The Antidote Interview #2: Robert Doherty, American College of Physicians
A couple of weeks ago I alerted readers to a health care reform proposal from the American College of Physicians, which went a bit beyond the mix of health reform proposals from states, insurance groups, etc., in its focus on prevention and wholistic care in addition to advocacy of coverage for all Americans. Robert Doherty, Senior Vice President for Government Affairs and Public Policy, was kind enough to answer my questions by email, and I've included the interview below.
A notable thing about the current political climate in the U.S. is that the time really does seem to be ripe to reopen the debate on how to reform health care, and it's important that all voices be heard. I'm happy to host some of that debate right here, so here's one perspective, and please bring on your comments!
The timing of this proposal is interesting, given that, in the past couple of weeks, we've seen health care reform proposals from states, presidential candidates, the insurance industry, and even the White House. How does the ACP proposal fit in?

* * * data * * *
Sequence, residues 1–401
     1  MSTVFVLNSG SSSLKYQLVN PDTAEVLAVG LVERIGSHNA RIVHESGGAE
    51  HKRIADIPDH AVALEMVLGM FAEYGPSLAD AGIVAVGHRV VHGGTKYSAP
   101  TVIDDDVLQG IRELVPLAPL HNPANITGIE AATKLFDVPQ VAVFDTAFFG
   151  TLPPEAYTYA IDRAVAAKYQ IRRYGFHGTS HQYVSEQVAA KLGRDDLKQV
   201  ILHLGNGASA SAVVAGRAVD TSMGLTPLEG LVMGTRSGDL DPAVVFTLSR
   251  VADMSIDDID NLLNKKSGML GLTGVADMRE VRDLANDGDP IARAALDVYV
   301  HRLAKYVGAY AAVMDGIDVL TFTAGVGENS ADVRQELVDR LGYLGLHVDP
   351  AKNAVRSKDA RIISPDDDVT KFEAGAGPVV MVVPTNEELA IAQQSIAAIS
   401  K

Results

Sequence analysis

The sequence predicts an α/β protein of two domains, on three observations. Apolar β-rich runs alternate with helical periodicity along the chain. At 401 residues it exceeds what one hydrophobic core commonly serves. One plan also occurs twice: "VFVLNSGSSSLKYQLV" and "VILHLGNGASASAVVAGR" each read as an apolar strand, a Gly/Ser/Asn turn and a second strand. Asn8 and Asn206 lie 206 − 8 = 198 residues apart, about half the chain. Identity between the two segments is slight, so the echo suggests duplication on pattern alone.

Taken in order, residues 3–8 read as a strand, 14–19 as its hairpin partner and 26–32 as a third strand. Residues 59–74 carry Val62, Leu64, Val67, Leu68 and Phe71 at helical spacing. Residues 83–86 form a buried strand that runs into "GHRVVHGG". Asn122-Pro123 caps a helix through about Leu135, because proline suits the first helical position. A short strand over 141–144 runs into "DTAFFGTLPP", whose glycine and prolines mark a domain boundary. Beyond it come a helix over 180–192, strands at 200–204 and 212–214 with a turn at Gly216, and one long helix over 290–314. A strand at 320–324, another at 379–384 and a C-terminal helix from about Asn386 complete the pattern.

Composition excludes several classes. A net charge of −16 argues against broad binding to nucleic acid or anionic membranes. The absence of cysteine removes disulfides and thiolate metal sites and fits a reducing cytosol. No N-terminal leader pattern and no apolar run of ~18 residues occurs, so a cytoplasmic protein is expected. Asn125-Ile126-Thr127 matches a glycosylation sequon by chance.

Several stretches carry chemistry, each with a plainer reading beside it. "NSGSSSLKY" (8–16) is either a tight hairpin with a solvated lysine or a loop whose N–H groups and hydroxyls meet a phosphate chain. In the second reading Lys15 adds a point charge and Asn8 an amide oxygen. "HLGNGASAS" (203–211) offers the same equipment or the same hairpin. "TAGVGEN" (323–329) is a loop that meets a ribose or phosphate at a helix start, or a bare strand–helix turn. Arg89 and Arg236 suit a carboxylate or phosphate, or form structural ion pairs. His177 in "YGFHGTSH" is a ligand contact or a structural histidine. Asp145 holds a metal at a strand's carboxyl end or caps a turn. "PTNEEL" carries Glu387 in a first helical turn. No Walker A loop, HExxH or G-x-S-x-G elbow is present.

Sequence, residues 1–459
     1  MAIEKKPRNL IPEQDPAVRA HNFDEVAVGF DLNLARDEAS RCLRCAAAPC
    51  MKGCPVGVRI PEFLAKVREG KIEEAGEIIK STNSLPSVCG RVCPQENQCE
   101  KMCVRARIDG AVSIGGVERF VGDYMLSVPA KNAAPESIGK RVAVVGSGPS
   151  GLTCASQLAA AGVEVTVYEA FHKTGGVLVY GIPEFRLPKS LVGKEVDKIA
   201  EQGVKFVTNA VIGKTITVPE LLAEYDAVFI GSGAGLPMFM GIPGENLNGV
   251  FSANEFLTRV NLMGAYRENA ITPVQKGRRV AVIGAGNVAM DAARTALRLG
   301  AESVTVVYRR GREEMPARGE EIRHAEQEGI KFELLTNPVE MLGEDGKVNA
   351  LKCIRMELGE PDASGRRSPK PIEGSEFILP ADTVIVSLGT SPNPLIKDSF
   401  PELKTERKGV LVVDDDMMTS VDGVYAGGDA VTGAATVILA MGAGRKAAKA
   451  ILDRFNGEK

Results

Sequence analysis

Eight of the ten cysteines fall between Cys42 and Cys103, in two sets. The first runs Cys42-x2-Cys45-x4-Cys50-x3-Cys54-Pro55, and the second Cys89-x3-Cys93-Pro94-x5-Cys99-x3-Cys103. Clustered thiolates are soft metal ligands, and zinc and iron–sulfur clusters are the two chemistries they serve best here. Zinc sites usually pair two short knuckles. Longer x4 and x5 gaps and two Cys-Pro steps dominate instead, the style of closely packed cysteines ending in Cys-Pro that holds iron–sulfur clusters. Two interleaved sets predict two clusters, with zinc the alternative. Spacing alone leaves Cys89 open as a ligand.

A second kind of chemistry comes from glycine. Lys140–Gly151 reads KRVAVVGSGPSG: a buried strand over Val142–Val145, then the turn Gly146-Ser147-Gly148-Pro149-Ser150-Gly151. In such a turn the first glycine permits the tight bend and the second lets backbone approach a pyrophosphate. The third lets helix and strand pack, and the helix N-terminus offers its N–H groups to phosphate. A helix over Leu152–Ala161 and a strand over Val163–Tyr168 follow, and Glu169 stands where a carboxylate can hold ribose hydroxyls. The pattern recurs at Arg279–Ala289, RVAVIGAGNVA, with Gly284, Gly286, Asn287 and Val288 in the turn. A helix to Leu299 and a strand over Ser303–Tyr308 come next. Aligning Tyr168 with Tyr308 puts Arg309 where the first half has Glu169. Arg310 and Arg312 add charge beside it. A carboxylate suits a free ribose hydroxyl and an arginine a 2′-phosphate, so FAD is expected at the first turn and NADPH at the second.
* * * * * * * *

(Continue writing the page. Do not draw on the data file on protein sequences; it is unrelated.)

I think we are seeing an congruence of interest in expanding HI coverage that is being driven by several factors: the upcoming Presidential election, where health care reform is expected to be a major issue; the Democratic take-over of Congress, which will result in a greater emphasis on health coverage (although most of the recent joint statements from different stakeholders were the result of discussions that had started long before the mid-term elections), and very significantly, the positive press that Romney and other governors have received on their respective states' proposals to expand coverage. At the same time, the number of the uninsured keeps rising, there has been a slow erosion of employer-based coverage, and more cost-shifting to individuals. All of this suggests an opening for groups to get attention to proposals that until recently may not have been considered to be politically realistic. Notwithstanding all of this, I don't think we will see major reforms at the federal level until after the 2008 elections.